Book Review: Blackwing by Ed McDonald

Blackwing 1

Publisher: Gollancz

Date: 2017

Genre: Fantasy

Plot: The republic faces annihilation, despite the vigilance of Galharrow’s Blackwings. When a raven tattoo rips itself from his arm to deliver a desperate message, Galharrow and a mysterious noblewoman must investigate a long dead sorcerer’s legacy.

But there is a conspiracy within the citadel: traitors, flesh-eaters and the ghosts of the wastelands seek to destroy them, but if they cannot solve the ancient wizard’s paradox, the Deep Kings will walk the earth again, and all will be lost.

The war with the Eastern Empire ended in stalemate some eighty years ago, thanks to Nall’s ‘Engine’, a wizard-crafted weapon so powerful even the Deep Kings feared it. The strike of the Engine created the Misery – a wasteland full of ghosts and corrupted magic that now forms a No Mans Land along the frontier.

But when Galharrow investigates a frontier fortress, he discovers complacency bordering on treason: then the walls are stormed, and the Engine fails to launch. Galharrow only escapes because of the preternatural magical power of the noblewoman he was supposed to be protecting. Together, they race to the capital to unmask the traitors and restore the republic’s defences. Far across the Misery a vast army is on the move, as the Empire prepares to call the republic’s bluff.

*Some of the links below are affiliate links, meaning at no extra cost to you, I will earn a commission if you click through and make a purchase

I received Blackwing from Netgalley in exchange for an honest review. All thoughts and opinions are my own.

You know that feeling within the first few paragraphs of a book and you know it’s got you? Blackwing did that for me: magical evil children; a deadly land; explosions; bloodshed; expletives; humour; loss… I could go on. It’s not one for the squeamish but if you like a side of darkness with your fantasy, this book needs to be on your radar.

Ryhalt Galharrow used to be one of the nobility, the cream; one who can buy their commission, not earn it. But that’s the past. Now, he’s a mercenary, scraping together a living while waiting for orders from his master.

Said master – Crowfoot – is a God, one of the Nameless. He communicates with his followers in a unique way: he literally rips himself out of their arm through a tattoo and takes the form of a crow. The descriptions can be graphic but not too extreme – I’m not the best with gory images and I didn’t have a problem.

Burning was a bad way to go, but my reserves of empathy were usually exhausted on orphans and puppies, a lot higher up the list than arsonists and arseholes.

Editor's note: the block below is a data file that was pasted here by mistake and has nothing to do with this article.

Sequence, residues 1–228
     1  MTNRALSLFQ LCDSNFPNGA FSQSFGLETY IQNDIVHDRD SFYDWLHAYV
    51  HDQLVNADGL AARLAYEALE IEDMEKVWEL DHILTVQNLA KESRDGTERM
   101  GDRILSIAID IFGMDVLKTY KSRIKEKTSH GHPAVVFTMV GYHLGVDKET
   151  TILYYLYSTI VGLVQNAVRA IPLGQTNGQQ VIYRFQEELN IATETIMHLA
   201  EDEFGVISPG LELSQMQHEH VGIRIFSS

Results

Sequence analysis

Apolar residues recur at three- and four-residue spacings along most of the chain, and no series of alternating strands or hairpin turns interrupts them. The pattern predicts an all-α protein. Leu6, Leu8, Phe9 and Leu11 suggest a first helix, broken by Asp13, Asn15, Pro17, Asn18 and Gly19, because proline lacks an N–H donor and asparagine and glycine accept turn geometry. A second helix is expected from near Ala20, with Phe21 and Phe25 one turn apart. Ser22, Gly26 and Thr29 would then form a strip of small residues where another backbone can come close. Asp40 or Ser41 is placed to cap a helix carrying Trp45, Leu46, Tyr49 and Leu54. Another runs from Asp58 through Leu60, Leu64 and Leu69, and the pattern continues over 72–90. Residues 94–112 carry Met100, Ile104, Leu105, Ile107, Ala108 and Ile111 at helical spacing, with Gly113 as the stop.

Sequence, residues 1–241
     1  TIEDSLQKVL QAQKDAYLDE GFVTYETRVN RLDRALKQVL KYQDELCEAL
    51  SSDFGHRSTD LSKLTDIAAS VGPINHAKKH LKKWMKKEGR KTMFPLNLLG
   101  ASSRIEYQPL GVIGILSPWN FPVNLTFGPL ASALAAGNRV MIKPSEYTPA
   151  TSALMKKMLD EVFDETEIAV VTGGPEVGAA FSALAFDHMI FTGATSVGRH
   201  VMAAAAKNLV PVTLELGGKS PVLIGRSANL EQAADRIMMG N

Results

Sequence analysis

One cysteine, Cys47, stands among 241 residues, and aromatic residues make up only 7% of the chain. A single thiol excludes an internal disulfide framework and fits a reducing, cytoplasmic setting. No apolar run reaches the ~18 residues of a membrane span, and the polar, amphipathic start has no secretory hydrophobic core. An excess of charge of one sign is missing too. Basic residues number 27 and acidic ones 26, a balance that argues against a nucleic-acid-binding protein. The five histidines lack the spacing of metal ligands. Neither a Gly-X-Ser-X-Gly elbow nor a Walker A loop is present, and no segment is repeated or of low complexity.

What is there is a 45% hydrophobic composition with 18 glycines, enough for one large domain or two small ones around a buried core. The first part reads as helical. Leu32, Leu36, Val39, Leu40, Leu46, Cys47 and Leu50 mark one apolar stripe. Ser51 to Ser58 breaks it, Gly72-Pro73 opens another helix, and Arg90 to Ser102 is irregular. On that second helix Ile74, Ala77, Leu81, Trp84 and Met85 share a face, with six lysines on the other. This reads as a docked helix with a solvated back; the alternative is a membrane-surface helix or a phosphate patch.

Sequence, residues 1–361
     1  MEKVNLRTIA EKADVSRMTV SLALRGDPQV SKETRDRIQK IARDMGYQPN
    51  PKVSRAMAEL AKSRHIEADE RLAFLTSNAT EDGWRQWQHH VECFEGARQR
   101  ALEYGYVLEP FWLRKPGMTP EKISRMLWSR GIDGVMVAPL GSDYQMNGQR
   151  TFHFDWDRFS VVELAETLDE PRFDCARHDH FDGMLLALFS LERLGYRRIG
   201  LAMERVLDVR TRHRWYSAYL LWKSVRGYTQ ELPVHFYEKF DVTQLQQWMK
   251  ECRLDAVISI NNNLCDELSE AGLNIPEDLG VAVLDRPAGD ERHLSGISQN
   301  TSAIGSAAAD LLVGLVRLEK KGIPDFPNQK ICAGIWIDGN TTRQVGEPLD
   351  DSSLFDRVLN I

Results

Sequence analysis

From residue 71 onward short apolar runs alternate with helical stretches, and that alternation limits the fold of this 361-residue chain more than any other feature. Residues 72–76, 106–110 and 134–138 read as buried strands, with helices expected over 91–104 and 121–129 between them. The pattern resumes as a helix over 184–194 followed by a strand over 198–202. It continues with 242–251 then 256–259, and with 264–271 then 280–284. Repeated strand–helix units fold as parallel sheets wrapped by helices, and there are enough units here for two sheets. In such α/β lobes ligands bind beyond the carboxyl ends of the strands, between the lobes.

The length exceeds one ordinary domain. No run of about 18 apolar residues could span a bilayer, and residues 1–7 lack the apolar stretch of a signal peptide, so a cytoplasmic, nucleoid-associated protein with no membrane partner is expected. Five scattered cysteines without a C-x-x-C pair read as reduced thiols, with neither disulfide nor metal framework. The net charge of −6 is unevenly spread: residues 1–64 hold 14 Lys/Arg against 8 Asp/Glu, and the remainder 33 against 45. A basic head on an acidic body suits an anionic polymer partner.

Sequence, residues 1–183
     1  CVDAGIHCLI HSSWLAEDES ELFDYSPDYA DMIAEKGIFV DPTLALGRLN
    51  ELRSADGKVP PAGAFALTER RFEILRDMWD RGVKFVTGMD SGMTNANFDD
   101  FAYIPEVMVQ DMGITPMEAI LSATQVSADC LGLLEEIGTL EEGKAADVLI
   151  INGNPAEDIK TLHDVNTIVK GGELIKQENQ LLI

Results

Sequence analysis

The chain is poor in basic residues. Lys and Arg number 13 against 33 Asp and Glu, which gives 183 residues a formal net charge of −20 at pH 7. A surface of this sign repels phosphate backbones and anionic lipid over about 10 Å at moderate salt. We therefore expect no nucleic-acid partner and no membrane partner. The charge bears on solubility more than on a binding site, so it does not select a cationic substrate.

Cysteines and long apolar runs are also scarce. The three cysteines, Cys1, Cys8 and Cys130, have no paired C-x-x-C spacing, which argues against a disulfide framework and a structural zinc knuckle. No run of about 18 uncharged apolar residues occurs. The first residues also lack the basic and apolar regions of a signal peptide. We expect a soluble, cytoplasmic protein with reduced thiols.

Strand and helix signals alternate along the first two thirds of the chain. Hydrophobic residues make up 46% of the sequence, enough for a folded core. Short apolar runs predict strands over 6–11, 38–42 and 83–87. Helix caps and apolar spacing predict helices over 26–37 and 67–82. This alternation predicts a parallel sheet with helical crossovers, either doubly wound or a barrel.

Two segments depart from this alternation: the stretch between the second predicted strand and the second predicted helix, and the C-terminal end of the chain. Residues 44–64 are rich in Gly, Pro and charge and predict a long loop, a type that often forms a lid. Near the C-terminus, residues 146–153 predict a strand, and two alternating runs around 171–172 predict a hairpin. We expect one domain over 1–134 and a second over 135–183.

Galharrow is the exact type of reluctant hero we all love. He pretends he doesn’t care: he does. He pretends he doesn’t love: he does, all too deeply. This man is built of layers and as the novel progresses, we slowly get glimpses of who he truly is, who he could’ve been and who he ended up as and why. He’s brave and determined, even when facing impossible odds, but also brings across elements of humour and wit that break tense scenes and keeps momentum going.

Faced with his past in the form of an old flame, Galharrow must figure out where his loyalties lie. Ezabeth has more power than most, but condemned as being mad sets Galharrow on a mission to rescue her – even if he doesn’t know why she’s so important. What his master wants, his master gets – regardless of the price his servants must pay in the process.

The characters are complicated and deep, and their relationships grow and develop to reflect that. Nenn – Galharrow’s second-in-command – hates Ezabeth but would die for Galharrow, and he for her. Ezabeth’s brother – Dantry –  proves his worth – to himself more than anyone else. Ezabeth remains a mystery for the majority of the novel, but she is a woman of power and strength of will – no wonder she captured Galharrow’s heart and never let him go.

The world created is a complicated one, with Nameless and Deep Kings waging war: both Gods, yet neither truly Gods.

McDonald makes it work though – you figure out as you go what is going on. Despite the complexities, you’re never left feeling you don’t know where you are.

This book is not one for the squeamish, or if you’re offended by swearing. It is dark and gritty, with people exploding, burning, being eaten alive or losing limbs on quite a regular basis. But it’s humorous, entertaining and gripping from beginning to end.

I’ve read over forty books this year. This one may have just topped them all. Go – go and read!

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Book Review: Blackwing by Ed McDonald

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